Vermont Law Enforcement, Human History Datasets, Celebrity Jet Tracking, More: Friday Afternoon ResearchBuzz, June 10, 2022


VT Digger: ACLU launches database to track problem officers. “The database, accessible on the Vermont ACLU’s website, will track Vermont officers with Brady letters filed in their name, including access to the Brady letters themselves. There are currently 60 letters posted or referenced, 51 of which were written since 2016.” If you’re not familiar with Brady Letters, VT Digger has a more extensive article about them here.

Nature: A cross-verified database of notable people, 3500BC-2018AD. “Our strategy results in a cross-verified database of 2.29 million individuals (an elite of 1/43,000 of human being having ever lived), including a third who are not present in the English edition of Wikipedia. Data collection is driven by specific social science questions on gender, economic growth, urban and cultural development. We document an Anglo-Saxon bias present in the English edition of Wikipedia, and document when it matters and when not.”


Business Insider: The teen who tracks Elon Musk’s jet has begun monitoring private jets for celebrities like Tom Cruise and Kim Kardashian. “Jack Sweeney, 19, said on Monday via Twitter that he had begun tracking four of Tom Cruise’s private jets under his Twitter account… The account has nearly 28,000 followers and also appears to track the travel patterns of several other celebrities, including Jay-Z, Taylor Swift, and Kim Kardashian.”


MakeUseOf: Don’t Know What Song to Listen to Next? Try These 4 Websites. “If you listen to music frequently, then you’re no doubt aware of the constant struggle to find new music to listen to. Sure, you may have long playlists of songs that you love, but when you want something fresh and new, it can be pretty difficult to find what you’re looking for. Fortunately, you’re not alone in this problem. There are a bunch of sites online that try to solve this problem. Here are four of the best.”


Consequence: Laurie Anderson Called Off Plan to House Lou Reed Archive in Texas over Gun Law. “The new exhibition ‘Lou Reed: Caught Between the Twisted Stars’ opens at Lincoln Center’s Library for Performing Arts on Thursday, but it nearly ended up in Texas. As Reed’s widow Laurie Anderson explained in conversation with The New York Times, she cut off conversations with UT Austin after Texas legislators passed a law allowing handguns to be carried on college campuses.”


Route Fifty: Millions Still Lack Broadband Despite 5-year $44B Government Effort. “Despite tens of billions of dollars in funding and numerous efforts to improve internet availability across America, millions of Americans still lack broadband internet, according to a new audit from the Government Accountability Office. Released May 31, the audit posits reasons why the federal government’s broadband efforts haven’t been more successful.”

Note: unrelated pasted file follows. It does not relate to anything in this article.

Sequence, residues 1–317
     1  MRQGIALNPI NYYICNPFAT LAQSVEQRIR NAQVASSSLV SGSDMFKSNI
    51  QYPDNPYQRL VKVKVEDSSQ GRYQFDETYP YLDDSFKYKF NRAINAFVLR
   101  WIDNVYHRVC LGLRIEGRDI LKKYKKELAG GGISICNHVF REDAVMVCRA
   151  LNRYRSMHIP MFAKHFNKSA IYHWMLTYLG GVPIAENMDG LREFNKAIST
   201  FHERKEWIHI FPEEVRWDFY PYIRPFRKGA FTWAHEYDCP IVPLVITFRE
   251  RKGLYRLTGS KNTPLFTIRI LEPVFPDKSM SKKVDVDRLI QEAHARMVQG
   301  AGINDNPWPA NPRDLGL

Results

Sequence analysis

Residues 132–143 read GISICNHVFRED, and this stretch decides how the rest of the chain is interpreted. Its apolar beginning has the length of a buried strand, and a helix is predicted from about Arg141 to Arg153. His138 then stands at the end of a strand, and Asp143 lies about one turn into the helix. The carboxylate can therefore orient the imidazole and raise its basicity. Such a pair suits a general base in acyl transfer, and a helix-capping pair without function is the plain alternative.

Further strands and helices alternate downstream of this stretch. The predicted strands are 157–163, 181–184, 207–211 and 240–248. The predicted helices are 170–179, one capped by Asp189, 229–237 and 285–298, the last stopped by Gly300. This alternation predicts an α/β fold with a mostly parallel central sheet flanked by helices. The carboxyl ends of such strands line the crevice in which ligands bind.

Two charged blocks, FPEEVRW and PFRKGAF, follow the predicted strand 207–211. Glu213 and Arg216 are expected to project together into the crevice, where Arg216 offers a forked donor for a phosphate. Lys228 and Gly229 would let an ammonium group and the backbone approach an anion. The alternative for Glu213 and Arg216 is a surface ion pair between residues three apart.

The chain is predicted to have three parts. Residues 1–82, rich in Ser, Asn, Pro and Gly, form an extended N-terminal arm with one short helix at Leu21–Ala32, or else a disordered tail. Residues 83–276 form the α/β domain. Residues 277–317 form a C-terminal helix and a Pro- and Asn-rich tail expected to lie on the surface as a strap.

Canada NewsWire: New Government of Canada legislation to give Indigenous peoples a stronger voice and strengthen the protection and conservation of historic places in Canada (PRESS RELEASE). “The proposed legislation creates three new positions on the Historic Sites and Monuments Board of Canada (HSMBC) for First Nations, Métis and Inuit representatives, and improves integration of Indigenous history, heritage values, and memory practices into Canada’s national heritage and history.”


Fast Company: With glass buried under ice, Microsoft plans to preserve music for 10,000 years. “As Microsoft has shifted an increasing amount of its business to the cloud, the company has been investigating more reliable, and information-dense, ways to store data than on hard drives…. One such solution the company has developed is going into testing with the Global Music Vault now. Dubbed Project Silica, you could oversimplify the technology as something akin to a glass hard drive that’s read like a CD. It’s a 3-by-3-inch platter that can hold 100GB of digital data, or roughly 20,000 songs, pretty much forever.”

The Harvard Crimson: Harvard Holds Human Remains of 19 Likely Enslaved Individuals, Thousands of Native Americans, Draft Report Says. “Harvard University holds the human remains of at least 19 individuals who were likely enslaved and almost 7,000 Native Americans — collections that represent ‘the University’s engagement and complicity’ with slavery and colonialism, according to a draft University report obtained by The Crimson.”


Core77: “Parallel Reality” Display Shows Different Info to Different People at Same Time. “Imagine if you, me and a dozen other people were standing in a room staring at the same screen—but the screen showed something different to each of us, simultaneously. A California-based tech company called Misapplied Sciences has made this possible.” Good afternoon, Internet…

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